Coverage C in homeowners insurance is the part of your policy that covers your personal property, such as furniture, appliances, clothing, and electronics, in case of damage or theft. Coverage C can help you replace or repair your belongings if they are destroyed by a covered peril, such as fire, windstorm, vandalism, or burglary. However, coverage C also has some limitations and exclusions that you should be aware of before filing a claim.
Understanding Coverage C in Homeowners Insurance
Definition of Coverage C
Coverage C is also known as personal property coverage or contents coverage. It is one of the four main components of a standard homeowners insurance policy, along with coverage A (dwelling), coverage B (other structures), and coverage D (loss of use). Coverage C pays for the actual cash value or replacement cost of your personal property, depending on your policy terms and endorsements.
What is Covered Under Coverage C?
Coverage C covers your personal property that is located inside or outside your home, as long as it is owned or used by you or your family members. This includes items such as:
- Furniture, rugs, curtains, and bedding
- Appliances, electronics, and computers
- Clothing, shoes, and accessories
- Books, CDs, DVDs, and games
- Jewelry, watches, and furs
- Artwork, antiques, and collectibles
- Sporting goods, bicycles, and tools
- Lawnmowers, snow blowers, and garden equipment
Coverage C also covers your personal property that is temporarily away from your home, such as when you are traveling or moving. However, there may be a lower limit for off-premises coverage, usually 10% of your coverage C limit.
Exclusions from Coverage C
Coverage C does not cover everything that you own or use. There are some items and situations that are excluded from coverage C, such as:
- Cash, bank notes, coins, and securities
- Business property and inventory
- Motor vehicles, aircraft, and watercraft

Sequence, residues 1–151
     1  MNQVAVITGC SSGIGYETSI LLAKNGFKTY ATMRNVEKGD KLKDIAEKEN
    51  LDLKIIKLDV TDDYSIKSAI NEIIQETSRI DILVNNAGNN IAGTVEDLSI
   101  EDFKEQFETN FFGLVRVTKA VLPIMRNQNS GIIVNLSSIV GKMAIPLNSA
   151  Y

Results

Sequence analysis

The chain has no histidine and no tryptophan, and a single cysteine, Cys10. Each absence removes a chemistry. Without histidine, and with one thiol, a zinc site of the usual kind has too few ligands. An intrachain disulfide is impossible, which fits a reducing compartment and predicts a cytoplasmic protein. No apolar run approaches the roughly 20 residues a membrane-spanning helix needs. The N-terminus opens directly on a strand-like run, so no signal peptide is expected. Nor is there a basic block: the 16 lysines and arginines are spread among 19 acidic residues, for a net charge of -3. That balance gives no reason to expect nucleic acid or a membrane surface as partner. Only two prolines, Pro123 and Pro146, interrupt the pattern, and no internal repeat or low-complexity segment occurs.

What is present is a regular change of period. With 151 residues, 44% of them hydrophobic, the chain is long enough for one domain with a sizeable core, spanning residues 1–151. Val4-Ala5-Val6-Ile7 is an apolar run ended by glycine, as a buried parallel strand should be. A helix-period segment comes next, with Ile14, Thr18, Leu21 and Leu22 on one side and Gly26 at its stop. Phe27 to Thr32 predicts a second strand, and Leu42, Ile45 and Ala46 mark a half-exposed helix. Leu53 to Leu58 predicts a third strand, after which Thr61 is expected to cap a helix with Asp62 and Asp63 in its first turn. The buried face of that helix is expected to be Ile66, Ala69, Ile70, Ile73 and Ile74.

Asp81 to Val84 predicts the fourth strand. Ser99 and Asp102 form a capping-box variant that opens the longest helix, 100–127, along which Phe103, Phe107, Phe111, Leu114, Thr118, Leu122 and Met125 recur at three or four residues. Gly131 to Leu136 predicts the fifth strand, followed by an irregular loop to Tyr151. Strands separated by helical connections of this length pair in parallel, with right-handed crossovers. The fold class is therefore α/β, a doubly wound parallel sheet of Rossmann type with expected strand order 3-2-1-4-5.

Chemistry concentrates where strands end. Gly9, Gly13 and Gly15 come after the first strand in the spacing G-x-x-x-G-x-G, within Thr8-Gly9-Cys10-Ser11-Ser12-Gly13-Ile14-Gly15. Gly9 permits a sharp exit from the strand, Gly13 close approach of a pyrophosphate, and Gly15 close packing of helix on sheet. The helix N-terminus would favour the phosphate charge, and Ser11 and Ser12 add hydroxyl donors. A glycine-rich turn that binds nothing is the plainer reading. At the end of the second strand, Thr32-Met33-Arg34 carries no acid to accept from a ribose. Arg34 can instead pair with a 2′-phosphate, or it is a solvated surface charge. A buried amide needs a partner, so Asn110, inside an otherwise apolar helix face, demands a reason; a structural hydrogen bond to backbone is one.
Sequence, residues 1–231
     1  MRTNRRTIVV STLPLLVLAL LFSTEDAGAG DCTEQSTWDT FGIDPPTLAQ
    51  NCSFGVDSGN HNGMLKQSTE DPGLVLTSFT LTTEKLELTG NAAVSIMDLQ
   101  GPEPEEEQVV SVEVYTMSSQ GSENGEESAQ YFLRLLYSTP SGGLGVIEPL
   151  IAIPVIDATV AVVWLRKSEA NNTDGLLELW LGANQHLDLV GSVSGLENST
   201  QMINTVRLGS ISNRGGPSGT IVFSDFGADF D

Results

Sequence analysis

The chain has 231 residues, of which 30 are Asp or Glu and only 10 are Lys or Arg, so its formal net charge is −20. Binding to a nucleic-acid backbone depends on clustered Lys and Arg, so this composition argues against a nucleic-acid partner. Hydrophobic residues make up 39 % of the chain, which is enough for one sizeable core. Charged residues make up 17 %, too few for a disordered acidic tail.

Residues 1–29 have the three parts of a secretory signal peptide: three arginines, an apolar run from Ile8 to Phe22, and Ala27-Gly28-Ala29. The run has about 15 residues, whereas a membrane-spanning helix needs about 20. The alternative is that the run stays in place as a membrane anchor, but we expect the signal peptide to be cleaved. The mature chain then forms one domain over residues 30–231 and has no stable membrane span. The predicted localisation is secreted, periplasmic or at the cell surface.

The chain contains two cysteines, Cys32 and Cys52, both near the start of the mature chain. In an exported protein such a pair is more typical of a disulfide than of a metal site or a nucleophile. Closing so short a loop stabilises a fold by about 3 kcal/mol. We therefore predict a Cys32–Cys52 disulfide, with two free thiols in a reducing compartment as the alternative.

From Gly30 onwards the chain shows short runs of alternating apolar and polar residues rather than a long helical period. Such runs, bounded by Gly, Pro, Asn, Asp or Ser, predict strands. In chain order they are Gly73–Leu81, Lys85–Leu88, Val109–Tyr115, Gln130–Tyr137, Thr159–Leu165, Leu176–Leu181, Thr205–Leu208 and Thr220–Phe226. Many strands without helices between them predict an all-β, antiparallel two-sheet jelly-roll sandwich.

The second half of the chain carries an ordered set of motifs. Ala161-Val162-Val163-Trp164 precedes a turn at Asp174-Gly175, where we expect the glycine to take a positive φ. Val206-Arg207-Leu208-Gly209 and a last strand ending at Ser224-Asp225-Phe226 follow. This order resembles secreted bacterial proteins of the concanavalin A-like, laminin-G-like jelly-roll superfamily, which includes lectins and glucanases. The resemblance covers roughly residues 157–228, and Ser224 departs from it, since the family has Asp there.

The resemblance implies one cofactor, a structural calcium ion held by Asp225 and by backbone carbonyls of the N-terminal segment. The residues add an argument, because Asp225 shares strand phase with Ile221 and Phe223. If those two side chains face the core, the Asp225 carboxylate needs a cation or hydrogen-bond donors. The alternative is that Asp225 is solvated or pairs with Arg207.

- Animals, plants, and crops
- Illegal or contraband items
- Property of roomers, boarders, or tenants
- Property damaged by wear and tear, deterioration, or insects
- Property damaged by flood, earthquake, or nuclear hazard
Additionally, coverage C may have sublimits for certain categories of personal property, such as jewelry, furs, firearms, silverware, and business property. These sub limits are usually much lower than your coverage C limit, and may not be enough to cover the full value of your items. You may need to purchase additional coverage or endorsements to increase your limits for these items.
Determining How Much Coverage C You Need
Factors to Consider
The amount of coverage C you need depends on the value and quantity of your personal property. You should consider the following factors when choosing your coverage C limit:
- The cost of replacing or repairing your items at current market prices
- The type and quality of your items and how they depreciate over time
- The risk of damage or theft of your items based on your location and lifestyle
- The deductible amount that you are willing to pay out of pocket before your insurance pays
- The policy terms and endorsements that affect your coverage and limits
Importance of Home Inventory
One of the best ways to determine how much coverage C you need is to create a home inventory. A home inventory is a detailed list of all your personal property, along with their descriptions, values, receipts, photos, and serial numbers. A home inventory can help you:
- Estimate the total value of your personal property and compare it with your coverage C limit
- Identify the items that need additional coverage or endorsements
- Provide proof of ownership and value in case of a claim
- Simplify the claim process and speed up the settlement
You should update your home inventory regularly, especially when you buy or sell items, and store it in a safe and accessible place, such as a cloud service, a fireproof safe, or a trusted friend’s house.
Different Types of Homeowners Insurance Policies
Coverage C in Basic Homeowners Insurance
The most common type of homeowners insurance policy is the HO-3 policy, which provides coverage C for your personal property on an open perils basis. This means that your personal property is covered for any cause of loss unless it is specifically excluded in your policy. However, some insurers may offer a modified version of the HO-3 policy, called the HO-2 policy, which provides coverage C on a named perils basis. This means that your personal property is only covered for the causes of loss that are listed in your policy, such as fire, lightning, windstorm, hail, explosion, smoke, vandalism, theft, and volcanic eruption.
Coverage C in HO-7 Policies for Manufactured Homes
If you own a manufactured home, such as a mobile home or a modular home, you may need a special type of homeowners insurance policy, called the HO-7 policy. The HO-7 policy is similar to the HO-3 policy, except that it also covers the physical structure of your manufactured home on an open perils basis. However, some insurers may offer a modified version of the HO-7 policy, called the HO-8 policy, which provides coverage C on a named perils basis, similar to the HO-2 policy.